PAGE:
Karen Jones is looking for her next adventure. The Louisiana-based nurse, 54, is wrapping up her second 13-week stint at Texas Children’s Hospital in The Woodlands. Next up: 13 weeks at a hospital in Washington state. And after that—who knows? She’d love to treat patients in Hawaii, New York or Miami, and she’s in the phase of her life where she can travel anywhere she wants.
“My husband and I have an empty nest for the first time in 29 years,” Jones said, contemplating her next destination.
Jones is part of a cadre of health care professionals known as travel nurses who take short-term jobs across the country, filling the gap for hospitals and other health care providers that face temporary staff shortages. In some cases, they’re younger professionals who aren’t bound by family or homeownership to a specific location. Others, like Jones, are exploring newfound freedom after their children leave home.
The arrangement gives nurses the chance to explore the country and gain new professional experiences. And it allows employers to respond quickly when their staffing is affected by turnover, new facility openings, natural disasters or seasonal fluctuations.
San Francisco-based Trusted Health is Jones’ 21st-century matchmaker, and the company is attracting significant investment for its innovative approach. Part of the Texas Medical Center’s TMCx accelerator in 2018, Trusted Health received investment from the TMC Venture Fund. In May, the company announced it had closed a $20 million funding round. Earlier this year, Trusted Health reported that more than 1,000 nurses per week were signing up for its platform.
“For us to have an impact on health care is such an incredible mission,” said co-founder and president Matthew Pierce. “If we really connect people to opportunities in a much more efficient way, we can have an incredible impact on an industry that needs it.”
Travel nurses, Pierce said, want flexibility, autonomy and new experiences. He cites one group of Trusted nurses that works in San Diego in the winter and Colorado in the spring.
Pierce’s company didn’t invent the industry, but it streamlined the process of recruiting and hiring travel nurses using a two-pronged approach. Its app—similar to a dating app—introduces nurses to potential job opportunities based on their background and preferences. Then, during the hiring process, Trusted employs clinicians called “nurse advocates” to offer a human touch. In the past, nurses found short-term jobs through recruiters. Trusted’s approach, Pierce said, is a much-needed alternative. “The old, antiquated way is you’re held hostage and have to get on the phone with the recruiter,” Pierce said. “The recruiter is haggling with you. The recruiter doesn’t have a clinical background, and you’re struggling to get information.”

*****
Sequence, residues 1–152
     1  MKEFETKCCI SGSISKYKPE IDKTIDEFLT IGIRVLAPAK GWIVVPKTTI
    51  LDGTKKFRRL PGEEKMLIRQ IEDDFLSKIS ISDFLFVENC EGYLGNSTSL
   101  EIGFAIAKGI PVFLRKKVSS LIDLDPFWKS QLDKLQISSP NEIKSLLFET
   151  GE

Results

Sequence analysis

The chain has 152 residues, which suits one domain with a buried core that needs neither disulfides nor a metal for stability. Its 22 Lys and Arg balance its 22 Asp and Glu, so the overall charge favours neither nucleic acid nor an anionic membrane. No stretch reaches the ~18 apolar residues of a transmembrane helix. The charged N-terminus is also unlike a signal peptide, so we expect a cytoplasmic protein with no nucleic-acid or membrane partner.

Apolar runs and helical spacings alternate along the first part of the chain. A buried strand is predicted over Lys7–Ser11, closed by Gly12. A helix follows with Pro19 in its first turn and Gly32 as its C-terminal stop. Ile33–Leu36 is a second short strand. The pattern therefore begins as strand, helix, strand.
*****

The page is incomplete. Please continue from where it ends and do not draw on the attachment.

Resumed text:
Unlike traditional recruiters, Trusted employees aren’t paid based on commissions or quotas, company leaders said. As a result, they aren’t pressured to get a nurse contract signed at all costs.
Jones, the Louisiana nurse, said Trusted’s approach is unique, since the use of technology streamlines a process that can be cumbersome.
She also said other nurse recruiters are known to harangue nurses, while Trusted has a softer approach.
Nurses input their background information onto the platform and are presented with job options based on their preferences, including when they want to work, their specialty and their preferred locations. If they like what they see, they can request an interview. Trusted’s “nurse advocates” screen the nurses to make sure they’re the right fit.
If all works out, Trusted handles licensing, benefits and payroll. Trusted—not the health care provider—pays the nurses.
“Trusted sends you an email with [job] matches,” Jones explained. “You apply if you want to and you don’t if you don’t want to. It’s very technologically savvy.”
She also texts regularly with her “nurse advocate,” which she says is helpful because their schedules don’t align. (Jones works nights.)
“The whole process is just so easy,” said Jones, who secured her gig with Texas Children’s Hospital just 24 hours after applying through Trusted.
The company is starting to explore “on-demand” nursing assignments—think Uber for nursing. It’s also developing a platform that connects directly to health care providers’ scheduling and human resources systems.
Sarah Gray, Trusted Health’s founding nurse and head of clinical operations, said the company is responding to the changing demands of the nursing workforce. “What a nurse wants, values, and cares about—and the tools they expect to manage their careers—has really evolved,” she said. “We saw Trusted as an opportunity to be a fresh face for the profession and empower nurses to take control over their careers and perceive themselves as the professionals that they are.”
The company works to build communities of travel nurses in their new cities, organizes events for them and promotes respect and dignity for the profession through its marketing channels.
“That’s what really draws nurses to Trusted,” Gray said. “The relevance, the technology, the ease, the seamlessness, our ‘nurses first’ mission and brand. To us, nurses aren’t a commodity.”
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